Now our second story OUTFRONT, an American sentenced to 15 years in a North Korean labor camp. The United States is asking the communist country to free 44-year-old Kenneth Bae of Linwood, Washington, after sentencing him to 15 years of hard labor this week. Now, Bae operates tours in North Korea, and you see him there. He's been detained since November.

North Koreans charged him with committing quote/unquote, "hostile acts against the state." Bae says he was in the country legally, though. And the timing of the sentencing raises serious questions about North Korea's motives. The United States, of course, locked in a standoff with Kim Jong-Un over his nuclear ambitions, and the regime there has a history of using detained Americans as a bargaining chip.

OUTFRONT tonight, CNN's Dan Rivers in Seoul with the latest on the situation. Dan, what can you tell us about Kenneth Bae?

DAN RIVERS, CNN SENIOR INTERNATIONAL CORRESPONDENT: Well, he is a naturalized U.S. citizen. He has been running tours into North Korea from neighboring China for several years. He's never had any problems. We know he was there with a valid tourist visa. He went to the University of Oregon. That's where he then became a naturalized citizen living in Washington State.

For a while his mother lives in Linwood, Washington State. His father still lives here in South Korea. It's really a mystery, though, exactly why he's being charged with this attempt to topple the regime, as they're telling us. The whole trial took place very quickly in two days. He was sentenced to 15 years on the same day, and now officials in the United States are struggling to find out exactly what he's done and how they can get him free. BURNETT: Dan, I know in 2009, the North Koreans did something similar, taking two American journalists, one of whom is going to be with me in just a moment, captive, former President Bill Clinton was the one who ended up traveling to North Korea. And without him, they would have been in a labor camp now. Is Kim Jong-Un trying to take a page out of his father's playbook? Do exactly what his father did then?

RIVERS: Exactly. I think all the analysts we've spoken to have suggested exactly that. This is all part of a grand strategy by the new young leader, Kim Jong-Un, to try and force the hand of the Americans to get into some sort of direct sort of negotiation with them, even if that's through a former president like Bill Clinton, possibly Jimmy Carter as well.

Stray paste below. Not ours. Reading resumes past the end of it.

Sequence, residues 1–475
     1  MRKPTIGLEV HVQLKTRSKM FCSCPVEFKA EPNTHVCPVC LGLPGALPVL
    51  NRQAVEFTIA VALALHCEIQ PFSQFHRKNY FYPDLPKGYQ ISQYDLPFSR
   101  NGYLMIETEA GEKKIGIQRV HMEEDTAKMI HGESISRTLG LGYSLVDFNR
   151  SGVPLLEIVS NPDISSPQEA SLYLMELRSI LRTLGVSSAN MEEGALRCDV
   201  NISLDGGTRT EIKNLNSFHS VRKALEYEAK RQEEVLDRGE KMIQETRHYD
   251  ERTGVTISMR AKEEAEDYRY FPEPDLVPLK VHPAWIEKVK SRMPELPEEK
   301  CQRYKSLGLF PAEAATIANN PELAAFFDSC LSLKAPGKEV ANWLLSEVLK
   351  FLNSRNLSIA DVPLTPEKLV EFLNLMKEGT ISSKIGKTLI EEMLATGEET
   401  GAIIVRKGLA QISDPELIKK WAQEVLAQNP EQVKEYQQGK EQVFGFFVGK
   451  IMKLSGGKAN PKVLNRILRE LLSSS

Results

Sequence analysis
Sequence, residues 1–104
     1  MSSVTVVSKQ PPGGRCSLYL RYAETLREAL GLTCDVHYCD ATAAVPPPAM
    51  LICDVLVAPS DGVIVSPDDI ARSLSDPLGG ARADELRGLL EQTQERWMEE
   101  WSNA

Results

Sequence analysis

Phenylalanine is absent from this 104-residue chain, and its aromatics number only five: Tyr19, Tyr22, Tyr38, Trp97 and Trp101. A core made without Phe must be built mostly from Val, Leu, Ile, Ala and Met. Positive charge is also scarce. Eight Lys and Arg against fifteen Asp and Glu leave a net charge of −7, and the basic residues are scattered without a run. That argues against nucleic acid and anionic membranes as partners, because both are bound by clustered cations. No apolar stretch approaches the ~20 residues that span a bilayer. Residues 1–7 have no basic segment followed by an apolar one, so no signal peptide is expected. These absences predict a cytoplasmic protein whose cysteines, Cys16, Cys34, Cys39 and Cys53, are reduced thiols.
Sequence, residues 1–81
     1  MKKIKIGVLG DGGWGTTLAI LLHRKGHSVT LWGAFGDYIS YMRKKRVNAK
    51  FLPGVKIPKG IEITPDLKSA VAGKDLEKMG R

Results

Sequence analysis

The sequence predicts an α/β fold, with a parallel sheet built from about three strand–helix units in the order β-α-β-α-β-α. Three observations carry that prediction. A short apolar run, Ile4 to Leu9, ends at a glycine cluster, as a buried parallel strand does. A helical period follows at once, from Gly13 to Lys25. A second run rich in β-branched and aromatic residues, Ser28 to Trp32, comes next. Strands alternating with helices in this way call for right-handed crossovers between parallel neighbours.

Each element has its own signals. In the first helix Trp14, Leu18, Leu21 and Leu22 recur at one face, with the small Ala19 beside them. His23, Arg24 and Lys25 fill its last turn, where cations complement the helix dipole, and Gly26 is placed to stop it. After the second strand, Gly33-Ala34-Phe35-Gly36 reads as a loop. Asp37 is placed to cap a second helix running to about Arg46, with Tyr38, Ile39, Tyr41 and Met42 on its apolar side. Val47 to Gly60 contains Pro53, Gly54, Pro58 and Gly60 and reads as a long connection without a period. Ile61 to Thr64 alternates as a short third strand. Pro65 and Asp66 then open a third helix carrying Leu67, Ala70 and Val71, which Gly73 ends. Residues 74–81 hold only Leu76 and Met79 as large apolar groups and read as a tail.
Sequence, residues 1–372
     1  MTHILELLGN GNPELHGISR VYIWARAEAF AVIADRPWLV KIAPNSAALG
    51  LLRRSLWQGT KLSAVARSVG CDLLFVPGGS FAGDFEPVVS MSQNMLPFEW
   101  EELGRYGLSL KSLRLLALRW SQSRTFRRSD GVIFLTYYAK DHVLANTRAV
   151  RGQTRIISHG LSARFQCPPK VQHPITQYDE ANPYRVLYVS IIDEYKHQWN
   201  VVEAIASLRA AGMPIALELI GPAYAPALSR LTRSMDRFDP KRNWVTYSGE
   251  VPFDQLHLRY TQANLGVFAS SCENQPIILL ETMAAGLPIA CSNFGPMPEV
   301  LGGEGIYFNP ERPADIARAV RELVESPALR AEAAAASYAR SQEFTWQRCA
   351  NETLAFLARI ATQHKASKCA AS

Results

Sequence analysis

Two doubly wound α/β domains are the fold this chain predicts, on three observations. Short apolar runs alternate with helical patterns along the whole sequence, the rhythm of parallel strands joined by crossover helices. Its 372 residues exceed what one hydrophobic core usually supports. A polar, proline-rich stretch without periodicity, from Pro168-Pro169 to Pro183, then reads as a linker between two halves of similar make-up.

He was involved with the release of another American in 2010, although his people telling me in the last 24 hours that he is not planning to go to North Korea for this case. He's not been invited. It opens up the question, well, who is going to go in and sort this out and make sure Kenneth Bae is free?

BURNETT: A crucial question. And if no one does, what happens, 15 years of hard labor? If anyone knows what it is like to be held captive by North Korea, it is Euna Lee. She was in the communist nation for 140 days in 2009 after being detained with fellow journalist Laura Ling. The two were together working on a story about human trafficking between China and North Korea when they were taken in custody.

Lee was kept in isolation, repeatedly interrogated and sentenced to 12 years of hard labor for illegally entering the country and once again for quote/unquote, "hostile acts." She was released after 4 1/2 months after former President Clinton negotiated her freedom.

Euna Lee has written a book about her ordeal called "The World Is Bigger Now," an American journalist released from captivity in North Korea, and she is OUTFRONT tonight. And thank you very much. Just even hearing that and reliving it.